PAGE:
Wendy Barlow's picture

Supreme Court Strikes Down One Clause of Aggravated Felony Crime of Violence Definition

On April 17, 2018, the Supreme Court of the United States issued its much anticipated decision in Sessions v. Dimaya, 584 U.S. __ (2018). The question before the Supreme Court was whether 18 U.S.C. 16(b), as incorporated into the INA, is unconstitutionally “void for vagueness.” In Sessions v. Dimaya, the Supreme Court held by a 5-4 margin that 18 U.S.C. 16(b) is void for vagueness, affirming the Ninth Circuit. The opinion of the Court was authored by Justice Elena Kagan, and joined in full regarding the vagueness analysis by Justices Ruth Bader Ginsburg, Stephen Breyer, Sonia Sotomayor, and Neil Gorsuch.

Eliza Grinberg's picture

Nicaragua Becomes Partner in ICE's eTD System

On April 10, 2018, the U.S. Immigration and Customs Enforcement (ICE) published a news release titled “Nicaragua becomes the latest partner in ICE’s eTD system.” The news release explains that the eTD system is intended to streamline the process of determining citizenship and obtaining travel documents for individuals subject to immigration detention in the United States. It electronically provides “biographic and biometric information used to determine citizenship and/or nationality for individuals.” The news release states that Nicaragua is one of the first countries to become partners in the eTD system.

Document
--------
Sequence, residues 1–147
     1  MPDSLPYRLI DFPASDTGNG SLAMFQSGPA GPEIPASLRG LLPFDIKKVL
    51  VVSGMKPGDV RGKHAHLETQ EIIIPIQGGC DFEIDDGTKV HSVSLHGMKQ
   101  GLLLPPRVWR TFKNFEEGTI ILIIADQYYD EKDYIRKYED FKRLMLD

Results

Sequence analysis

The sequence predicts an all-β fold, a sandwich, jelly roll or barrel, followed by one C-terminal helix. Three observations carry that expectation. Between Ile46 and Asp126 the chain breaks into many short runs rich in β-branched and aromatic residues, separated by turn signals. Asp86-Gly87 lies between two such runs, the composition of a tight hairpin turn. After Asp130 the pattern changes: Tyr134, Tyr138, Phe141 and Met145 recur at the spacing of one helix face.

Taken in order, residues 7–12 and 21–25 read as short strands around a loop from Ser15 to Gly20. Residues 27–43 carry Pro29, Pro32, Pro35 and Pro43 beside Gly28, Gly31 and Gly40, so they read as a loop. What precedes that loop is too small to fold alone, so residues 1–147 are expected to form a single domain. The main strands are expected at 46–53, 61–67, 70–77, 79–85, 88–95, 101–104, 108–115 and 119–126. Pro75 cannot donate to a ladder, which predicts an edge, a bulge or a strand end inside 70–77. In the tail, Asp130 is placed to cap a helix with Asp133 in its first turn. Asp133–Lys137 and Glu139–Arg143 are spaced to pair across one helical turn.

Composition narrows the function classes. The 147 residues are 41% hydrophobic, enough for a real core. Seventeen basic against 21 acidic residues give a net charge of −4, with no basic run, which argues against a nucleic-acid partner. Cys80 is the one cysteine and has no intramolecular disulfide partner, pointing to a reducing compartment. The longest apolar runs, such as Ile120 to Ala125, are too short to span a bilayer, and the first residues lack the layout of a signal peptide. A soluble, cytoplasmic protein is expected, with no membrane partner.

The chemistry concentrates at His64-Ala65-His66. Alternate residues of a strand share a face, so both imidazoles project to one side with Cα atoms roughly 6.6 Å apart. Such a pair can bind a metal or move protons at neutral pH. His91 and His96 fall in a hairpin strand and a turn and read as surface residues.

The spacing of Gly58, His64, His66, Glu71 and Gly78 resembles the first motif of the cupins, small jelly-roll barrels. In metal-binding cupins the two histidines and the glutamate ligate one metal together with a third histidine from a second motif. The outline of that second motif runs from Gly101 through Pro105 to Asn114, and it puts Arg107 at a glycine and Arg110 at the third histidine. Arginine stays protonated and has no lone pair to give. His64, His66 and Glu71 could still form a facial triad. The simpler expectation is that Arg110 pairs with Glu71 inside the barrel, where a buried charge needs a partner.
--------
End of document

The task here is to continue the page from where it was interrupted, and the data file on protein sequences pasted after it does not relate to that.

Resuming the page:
Alexander J. Segal's picture

AG Sessions Delivers Remarks on Immigration Enforcement and Border Security

On April 11, 2018, U.S. Attorney General Jeff Sessions delivered remarks on immigration enforcement in Las Cruces, New Mexico. In his remarks, Sessions commented on the recent uptick in illegal border crossings, on some of the new initiatives being undertaken by his own Department of Justice (DOJ), and on the broader Trump Administration to curtail illegal immigration. We will review some of the interesting points in his remarks with reference to relevant articles on our site.

Alexander J. Segal's picture

DOJ Brings Two Civil Denaturalization Complaints Against Convicted War Criminals

On April 4, 2018, the Department of Justice (DOJ) announced that it had filed civil denaturalization lawsuits against two convicted war criminals of the former.Yugoslavia. The two individuals who were charged – Edin Dezko, 46, and Rasema Yetisen, 45 – are alleged to have been “part of an elite unit of the Army of the Republic of Bosnia and Herzegovina that attacked the village of Trusina on April 16, 1993, in what is known as the Trusina massacre.”

Alexander J. Segal's picture

New E-Verify.gov Website

On April 10, 2018, the United States Citizenship and Immigration Services (USCIS) announced the launch of its new E-Verify website, E-Verify.gov. The new E-Verify.gov website promises to be more user friendly than previous versions. The USCIS explains that it will provide information about both E-Verify and Form I-9 Employment Eligibility Verification.

Pages